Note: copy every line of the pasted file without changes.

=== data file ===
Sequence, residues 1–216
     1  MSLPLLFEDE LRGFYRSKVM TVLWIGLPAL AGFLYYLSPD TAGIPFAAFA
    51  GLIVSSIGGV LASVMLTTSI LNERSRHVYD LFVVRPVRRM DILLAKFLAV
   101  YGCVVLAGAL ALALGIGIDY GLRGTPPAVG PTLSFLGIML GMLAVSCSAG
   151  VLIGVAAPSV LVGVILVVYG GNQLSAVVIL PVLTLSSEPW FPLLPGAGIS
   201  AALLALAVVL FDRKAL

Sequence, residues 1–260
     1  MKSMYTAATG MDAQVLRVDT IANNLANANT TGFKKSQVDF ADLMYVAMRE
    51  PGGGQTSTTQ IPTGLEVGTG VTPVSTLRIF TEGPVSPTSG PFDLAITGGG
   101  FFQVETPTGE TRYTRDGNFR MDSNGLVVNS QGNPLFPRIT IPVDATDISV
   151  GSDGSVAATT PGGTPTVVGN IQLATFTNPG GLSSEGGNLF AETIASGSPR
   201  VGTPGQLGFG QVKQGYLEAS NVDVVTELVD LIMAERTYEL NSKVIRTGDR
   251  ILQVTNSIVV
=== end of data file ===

Sequence, residues 1–216
     1  MSLPLLFEDE LRGFYRSKVM TVLWIGLPAL AGFLYYLSPD TAGIPFAAFA
    51  GLIVSSIGGV LASVMLTTSI LNERSRHVYD LFVVRPVRRM DILLAKFLAV
   101  YGCVVLAGAL ALALGIGIDY GLRGTPPAVG PTLSFLGIML GMLAVSCSAG
   151  VLIGVAAPSV LVGVILVVYG GNQLSAVVIL PVLTLSSEPW FPLLPGAGIS
   201  AALLALAVVL FDRKAL

Sequence, residues 1–260
     1  MKSMYTAATG MDAQVLRVDT IANNLANANT TGFKKSQVDF ADLMYVAMRE
    51  PGGGQTSTTQ IPTGLEVGTG VTPVSTLRIF TEGPVSPTSG PFDLAITGGG
   101  FFQVETPTGE TRYTRDGNFR MDSNGLVVNS QGNPLFPRIT IPVDATDISV
   151  GSDGSVAATT PGGTPTVVGN IQLATFTNPG GLSSEGGNLF AETIASGSPR
   201  VGTPGQLGFG QVKQGYLEAS NVDVVTELVD LIMAERTYEL NSKVIRTGDR
   251  ILQVTNSIVV